Although I spent most of my time in Thailand just eating whatever I felt like and could get my hands on, I did also take a quick gander at the Michelin Guide to see what eats they recommended. And whilst I had no intention of paying through the nose for high-end meals – that’s not what a holiday to Thailand is about in my opinion! – I did take a good look through what local eats they’ve highlighted as the best of the best. I ended up with a pretty hefty list, and whilst I didn’t manage to get through everything, I did try enough to cobble together this little series of mini-reviews. And so without further ado, here we are!
Nai Ek Roll Noodles
442 Soi 9, Yaowarat Road
Samphanthawong, Bangkok 10100
The first place we hit up was Nai Ek Roll Noodles, an institution in Chinatown that promises the best roll noodles (go figure) around. The space is small and the queue intimidating, but don’t let that deter you – things move fast here, though it’s definitely better to come for lunch if you don’t want to wait too long. They’re not shy about cramming several strangers onto one tiny table, so we had a spot within 5 or so minutes of arriving.
The signature dish is the Roll Noodle Soup (50 baht, small). What makes these different from regular noodles is their shape. Instead of being long and skinny, these are small sheets of slippery, chewy rice noodles coiled up into rolls – perfect for storing soup in the crevices. And speaking of soup, this was really something. Despite being so heavily seasoned that you can see white pepper floating in clouds, it nevertheless worked surprisingly well, its rasping heat a great accompaniment to the clean umami flavour of the broth.
The Pork Entrail Soup (50 baht, small) also came highly recommended. This was similar to the noodles, except instead of carbs, you get extra bits and bobs of organs in your soup, as well as some more greens. You can eat around the offal in the noodles if you’d prefer, and just stick with the chunks of excellent roast pork belly, but this is for serious offal aficionados only. There’s everything from liver to kidney to intestines, as well as cuts I can’t even recognise.
And just to pad out the meal a bit, a bowl of Pork Spare Ribs with Day Lily (50 baht). This was beautifully clean and light, the light pork-based broth infused with the slightly herbal aroma of the day lily. The ribs themselves were unbelievably tender, and that’s coming from someone who grew up with mum regularly and painstakingly making spare rib stew over 8 hours. This is nourishing and restorative – a perfect elixir for when you’re feeling under the weather.
Ek Nai was a good start to my Michelin-recommended restaurant journey. The food may be simple, home-made stuff, but sometimes the best food is. I was really impressed with the quality of the place; despite being a hole-in-the-wall that’s barely more than a street-side stall with a roof over its head, all the ingredients were top notch, and the quality of the soups indicating long hours spent coaxing the flavours and goodness out of them. Definitely worth a visit.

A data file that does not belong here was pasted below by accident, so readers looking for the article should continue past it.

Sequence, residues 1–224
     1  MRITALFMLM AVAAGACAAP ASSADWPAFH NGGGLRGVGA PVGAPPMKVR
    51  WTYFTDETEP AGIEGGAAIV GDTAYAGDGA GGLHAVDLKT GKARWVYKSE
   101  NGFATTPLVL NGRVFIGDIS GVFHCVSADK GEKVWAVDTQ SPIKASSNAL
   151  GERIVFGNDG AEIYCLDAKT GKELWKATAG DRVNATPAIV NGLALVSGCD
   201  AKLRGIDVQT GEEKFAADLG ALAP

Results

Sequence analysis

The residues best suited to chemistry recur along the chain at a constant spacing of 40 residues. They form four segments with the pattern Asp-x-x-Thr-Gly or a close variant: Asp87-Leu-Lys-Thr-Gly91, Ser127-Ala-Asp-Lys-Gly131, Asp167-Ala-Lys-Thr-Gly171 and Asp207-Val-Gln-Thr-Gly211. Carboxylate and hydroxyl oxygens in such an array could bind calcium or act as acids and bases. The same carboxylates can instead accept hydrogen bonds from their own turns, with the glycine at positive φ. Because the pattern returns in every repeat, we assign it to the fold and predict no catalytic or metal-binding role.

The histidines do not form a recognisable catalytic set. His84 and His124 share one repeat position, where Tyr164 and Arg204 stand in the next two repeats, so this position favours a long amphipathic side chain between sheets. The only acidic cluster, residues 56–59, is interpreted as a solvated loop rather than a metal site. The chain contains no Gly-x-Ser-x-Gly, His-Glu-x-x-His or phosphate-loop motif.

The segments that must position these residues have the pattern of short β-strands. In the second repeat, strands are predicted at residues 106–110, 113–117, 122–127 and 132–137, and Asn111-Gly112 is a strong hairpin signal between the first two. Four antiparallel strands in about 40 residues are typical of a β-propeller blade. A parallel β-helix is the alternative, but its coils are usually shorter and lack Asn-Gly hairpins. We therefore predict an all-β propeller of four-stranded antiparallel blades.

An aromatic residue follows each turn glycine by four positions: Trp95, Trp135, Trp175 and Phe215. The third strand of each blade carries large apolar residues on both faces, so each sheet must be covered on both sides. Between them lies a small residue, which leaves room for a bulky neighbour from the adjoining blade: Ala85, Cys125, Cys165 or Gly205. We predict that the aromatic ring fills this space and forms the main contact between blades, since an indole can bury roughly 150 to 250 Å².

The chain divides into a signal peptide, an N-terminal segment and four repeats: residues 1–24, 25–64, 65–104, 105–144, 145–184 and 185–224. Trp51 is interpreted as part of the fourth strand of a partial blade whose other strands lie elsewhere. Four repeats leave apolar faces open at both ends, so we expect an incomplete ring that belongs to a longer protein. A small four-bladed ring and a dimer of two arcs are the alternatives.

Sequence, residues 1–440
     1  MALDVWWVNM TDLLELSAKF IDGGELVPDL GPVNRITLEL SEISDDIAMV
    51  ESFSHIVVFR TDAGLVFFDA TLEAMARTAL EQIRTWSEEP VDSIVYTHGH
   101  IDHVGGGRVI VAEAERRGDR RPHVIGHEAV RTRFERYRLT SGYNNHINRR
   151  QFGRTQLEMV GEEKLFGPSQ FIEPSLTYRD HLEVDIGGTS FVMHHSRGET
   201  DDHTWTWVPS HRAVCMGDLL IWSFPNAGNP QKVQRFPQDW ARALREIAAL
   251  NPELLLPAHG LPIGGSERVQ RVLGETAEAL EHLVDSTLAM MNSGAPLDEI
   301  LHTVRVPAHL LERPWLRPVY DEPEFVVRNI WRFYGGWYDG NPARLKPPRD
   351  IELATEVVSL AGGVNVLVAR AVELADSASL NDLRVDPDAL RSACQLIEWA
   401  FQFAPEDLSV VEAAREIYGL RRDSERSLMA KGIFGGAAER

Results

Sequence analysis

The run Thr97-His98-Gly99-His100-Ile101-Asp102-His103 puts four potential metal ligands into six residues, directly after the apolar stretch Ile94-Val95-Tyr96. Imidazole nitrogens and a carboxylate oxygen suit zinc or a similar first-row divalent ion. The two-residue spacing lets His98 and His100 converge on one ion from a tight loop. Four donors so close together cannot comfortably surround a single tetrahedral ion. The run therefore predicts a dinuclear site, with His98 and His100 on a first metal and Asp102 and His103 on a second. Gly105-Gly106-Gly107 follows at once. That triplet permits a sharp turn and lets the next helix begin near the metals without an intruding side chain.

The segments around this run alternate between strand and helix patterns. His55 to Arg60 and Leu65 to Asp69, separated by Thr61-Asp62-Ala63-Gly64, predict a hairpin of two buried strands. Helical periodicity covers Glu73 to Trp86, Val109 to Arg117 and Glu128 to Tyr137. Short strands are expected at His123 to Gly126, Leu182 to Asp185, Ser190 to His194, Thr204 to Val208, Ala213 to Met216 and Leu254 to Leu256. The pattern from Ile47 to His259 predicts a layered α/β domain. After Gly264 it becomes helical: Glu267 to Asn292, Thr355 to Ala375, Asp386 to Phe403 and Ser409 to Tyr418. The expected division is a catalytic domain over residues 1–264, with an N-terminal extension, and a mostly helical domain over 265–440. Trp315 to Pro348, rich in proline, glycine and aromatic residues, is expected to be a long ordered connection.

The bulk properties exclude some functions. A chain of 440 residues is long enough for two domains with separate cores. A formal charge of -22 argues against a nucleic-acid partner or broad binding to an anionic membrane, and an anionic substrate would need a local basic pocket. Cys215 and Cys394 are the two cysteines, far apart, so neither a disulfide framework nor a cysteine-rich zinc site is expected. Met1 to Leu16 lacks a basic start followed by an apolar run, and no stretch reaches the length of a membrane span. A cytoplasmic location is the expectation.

1391 Charoen Krung Rd, Silom
Bang Rak, Bangkok 10500
I had the joy of staying at a hotel with an excellent breakfast buffet for the entirety of my holiday, and over that time, I became rather fond of the jok – rice porridge – they had on offer. However, I wouldn’t be very happy with myself if I left the country only having had the version from the buffet, so one night, we headed off to Jok Prince to find out just how good rice porridge can get.
Just like at Ek Nai, we were seated very quickly, sharing our table with another diner. But despite the apparent simplicity of jok, it actually took us a very long time to be served. There were so many people ordering takeaway from the little window in the laneway that it took almost 20 minutes for our order to arrive, by which point we were ravenous, and ready to dig in.
Being a huge fan of century egg, the Pork with Organ and Preserved Egg Congee (60 baht) was an easy choice. This was excellent indeed, the porridge cooked down until thick and silky, the base gently flavoured with pork stock, ready to be seasoned to your liking. Hidden beneath the surface is an entire century egg, cut into quarters and seductively creamy. The meatballs were also satisfyingly chunky, and for the adventurous, there’s also plenty of offal floating around.
For those who prefer their eggs unpreserved, there’s also the Pork With Organ and Egg Congee (50 baht), which had a beautifully golden yolk cracked into the hot porridge in lieu of the quartered century egg, adding a wonderful richness to each spoonful.
The jok at my breakfast buffet may have been good enough to eat every day, but the jok here is definitely a level above anything else I’ve ever had. Once again, the flavour tasted of long hours of simmering and stirring, with a comfortingly rib-hugging texture. Despite being traditionally a breakfast food, this is good for any time of the day.
Go-Ang Kaomunkai Pratunam
960-962 Phetchaburi Rd, Makkasan
Ratchathewi, Bangkok 10400